01 Apr How to Keep Your Patients Injury-Free While on the Golf Course
By Christina DeBusk
History was made in 2015 when Jordan Spieth, then 21, won one of golf’s highest honors: the Masters Tournament. At the time, he was the second-youngest player to earn this title, a distinction previously held by Tiger Woods in 1997.
Shortly after receiving the Green Jacket, Spieth spoke to the media about his journey and how it felt to have finally have earned the jacket. He also thanked the people he felt helped him along the way. One of these individuals was his chiropractor who’s been working with him since he was just 16 years old, Dr. Troy Van Biezen, DC, ART, BPE, NASM-PES, TPI-GGFI.
The Man Behind the Scenes
Van Biezen is no stranger to athletes at the pro level as he’s been working with golfers on the PGA tour for 15 years. In fact, over the past three years, his players have won a total of 37 times, including 7 Major Championships. Yet, he not only serves those who earn their notoriety on the golf course, but also those who play professionally in other sports as well, like the NFL, NHL, NBA, and MLB.
Sometimes this involves working with these elite champions at his office, ChiroSport Specialists of Dallas, located in Dallas, Texas. However, he also travels the nation quite a bit, approximately 30-35 weeks a year with the PGA Tour alone. And in his “off time,” you can often find him teaching other healthcare professionals how to perform functional assessments on athletes, provide injury care, and improve their patients’ sports performance.
How does Van Biezen respond when you ask him about his career as a chiropractor who has worked with many high-level elite athletes? “I feel blessed that I’ve got pretty good hands,” says Van Biezen, sharing that he’s been fortunate to help many great athletes along the way. In regard to golf specifically, this often helping them prevent and treat the number one complaint—lower back pain.
The #1 Golf-Related Injury
Van Biezen says that this is because golf is a rotary, one-sided repetitive motion, ultimately creating asymmetry and imbalance in the body. Further, if the hips and thoracic spine aren’t rotating properly, or if there is limited mobility in the shoulder area, this stress can transfer to the lower back, causing the pain that many golfers feel.
Zach Johnson, another golf great who won the Masters in 2007 in Augusta, Georgia, is a great example of this as he once called Van Biezen three hours before tee time, indicating that his back locked up on him. “I met him at golf course, worked with him for over an hour, did some exercises and manipulations, and he played good that day,” says Van Biezen.
Back pain isn’t just experienced by the pros either as this is an issue that Van Biezen says he sees with people of “every age and every level,” thanks largely to our sedentary lifestyles. By spending our days sitting behind a desk, on a plane, or in the car, the end result is often muscle tightness and imbalance, says Van Biezen. Add that to the loss in mobility and flexibility we tend to experience as we get older, and it’s easy to see how the lower back can become the problem spot.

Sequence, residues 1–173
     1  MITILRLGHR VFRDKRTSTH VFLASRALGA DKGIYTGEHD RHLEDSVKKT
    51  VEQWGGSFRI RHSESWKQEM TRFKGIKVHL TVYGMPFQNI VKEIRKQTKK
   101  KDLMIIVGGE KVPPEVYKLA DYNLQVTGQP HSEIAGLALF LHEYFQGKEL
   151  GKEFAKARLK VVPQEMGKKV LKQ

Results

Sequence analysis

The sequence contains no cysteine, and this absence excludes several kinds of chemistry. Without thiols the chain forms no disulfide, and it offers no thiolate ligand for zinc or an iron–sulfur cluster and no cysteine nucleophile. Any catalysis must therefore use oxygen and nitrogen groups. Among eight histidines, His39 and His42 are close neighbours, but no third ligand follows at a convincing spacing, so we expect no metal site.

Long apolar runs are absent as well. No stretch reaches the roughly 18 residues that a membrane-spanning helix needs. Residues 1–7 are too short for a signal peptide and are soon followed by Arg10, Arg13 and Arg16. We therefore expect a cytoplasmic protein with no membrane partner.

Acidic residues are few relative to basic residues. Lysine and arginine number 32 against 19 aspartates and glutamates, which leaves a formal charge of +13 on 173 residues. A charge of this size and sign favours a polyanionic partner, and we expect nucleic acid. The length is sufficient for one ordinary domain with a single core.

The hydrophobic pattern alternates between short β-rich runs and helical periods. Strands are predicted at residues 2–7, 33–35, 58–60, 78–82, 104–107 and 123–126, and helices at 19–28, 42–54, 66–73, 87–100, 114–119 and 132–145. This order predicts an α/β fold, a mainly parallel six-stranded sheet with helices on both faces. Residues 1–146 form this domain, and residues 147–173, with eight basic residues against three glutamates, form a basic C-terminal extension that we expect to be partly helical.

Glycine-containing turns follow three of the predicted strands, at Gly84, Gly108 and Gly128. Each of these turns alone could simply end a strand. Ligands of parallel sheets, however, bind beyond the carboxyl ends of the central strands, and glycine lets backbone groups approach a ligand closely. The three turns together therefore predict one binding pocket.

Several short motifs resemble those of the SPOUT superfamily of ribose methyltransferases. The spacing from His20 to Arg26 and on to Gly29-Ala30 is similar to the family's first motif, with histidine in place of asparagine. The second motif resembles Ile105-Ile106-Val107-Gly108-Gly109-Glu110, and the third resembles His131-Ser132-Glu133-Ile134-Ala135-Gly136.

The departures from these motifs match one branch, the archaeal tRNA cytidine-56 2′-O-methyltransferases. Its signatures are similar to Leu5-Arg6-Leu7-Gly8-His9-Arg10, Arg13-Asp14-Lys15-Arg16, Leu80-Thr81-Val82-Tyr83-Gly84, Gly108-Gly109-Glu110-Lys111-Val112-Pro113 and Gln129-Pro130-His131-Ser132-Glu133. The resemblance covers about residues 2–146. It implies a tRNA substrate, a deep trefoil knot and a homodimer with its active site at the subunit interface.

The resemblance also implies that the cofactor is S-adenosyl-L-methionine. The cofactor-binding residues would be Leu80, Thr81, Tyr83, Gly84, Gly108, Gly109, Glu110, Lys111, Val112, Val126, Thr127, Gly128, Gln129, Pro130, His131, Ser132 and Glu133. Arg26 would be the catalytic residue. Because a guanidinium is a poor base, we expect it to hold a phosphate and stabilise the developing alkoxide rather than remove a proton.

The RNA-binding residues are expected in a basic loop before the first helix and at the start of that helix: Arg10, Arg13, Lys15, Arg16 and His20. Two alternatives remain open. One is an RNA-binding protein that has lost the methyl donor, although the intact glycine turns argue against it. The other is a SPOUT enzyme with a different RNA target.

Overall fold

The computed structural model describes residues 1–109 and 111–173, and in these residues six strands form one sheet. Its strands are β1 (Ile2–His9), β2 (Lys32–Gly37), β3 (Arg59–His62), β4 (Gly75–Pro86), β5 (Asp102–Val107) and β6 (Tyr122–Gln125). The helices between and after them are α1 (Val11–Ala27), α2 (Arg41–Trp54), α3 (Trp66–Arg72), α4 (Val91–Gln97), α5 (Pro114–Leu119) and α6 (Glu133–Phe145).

So, how can DCs help their patients—whether pro golfers or those who simply enjoy spending time on the course for fun—avoid lower back issues? There are a few options to consider.
Golf Injury Prevention Remedies
Because flexibility is a top priority when it comes to protecting the lower back, Van Biezen says that he does a lot of stretches and Active Release Therapy with his patients. This helps them keep the range of motion they need to safely engage in in this sport by reducing the tension and stress being placed on the lower back.
This is critical as Van Biezen estimates that, out of 100 golfers, about 95 to 99 of them will have only half of the normal hip rotation. Plus, junior golfers lose the flexibility in their spine as they grow, which makes addressing this issue even more important with this demographic, giving them the opportunity to continue to play the sport they love without damaging their body over time.
Van Biezen shares that it is also important to work with golfers to improve the strength and stability of their glutes. Performing exercises targeted at this area can help prevent injuries since this set of muscles helps protect the area of the spine just above the hip. Make it stronger and it is more capable of doing this job.
Of course, regular manipulations and soft tissue work can also help a golfer keep his or her body in prime condition for the course. These treatment sessions also help improve range of motion, as well as removing any existing scar tissue before it can potentially interfere with their game.
Finally, having the right equipment, using proper techniques, and understanding their own physical limitations can also help keep golfers safe while on the course. Though Van Biezen can easily work with his patients on these three things right in his office as it is specially designed with the golf pro in mind, even reinforcing these areas of focus can help your patients enjoy pain-free play.
In the end, Van Biezen says that it’s important to remember that “the majority of the time, the back is not the problem. The back is just working too hard because other body parts aren’t doing their job.” In other words, “don’t chase the pain, find the cause.” And if you can get the other body parts to pull their weight by doing these few things, the back can enjoy some relief.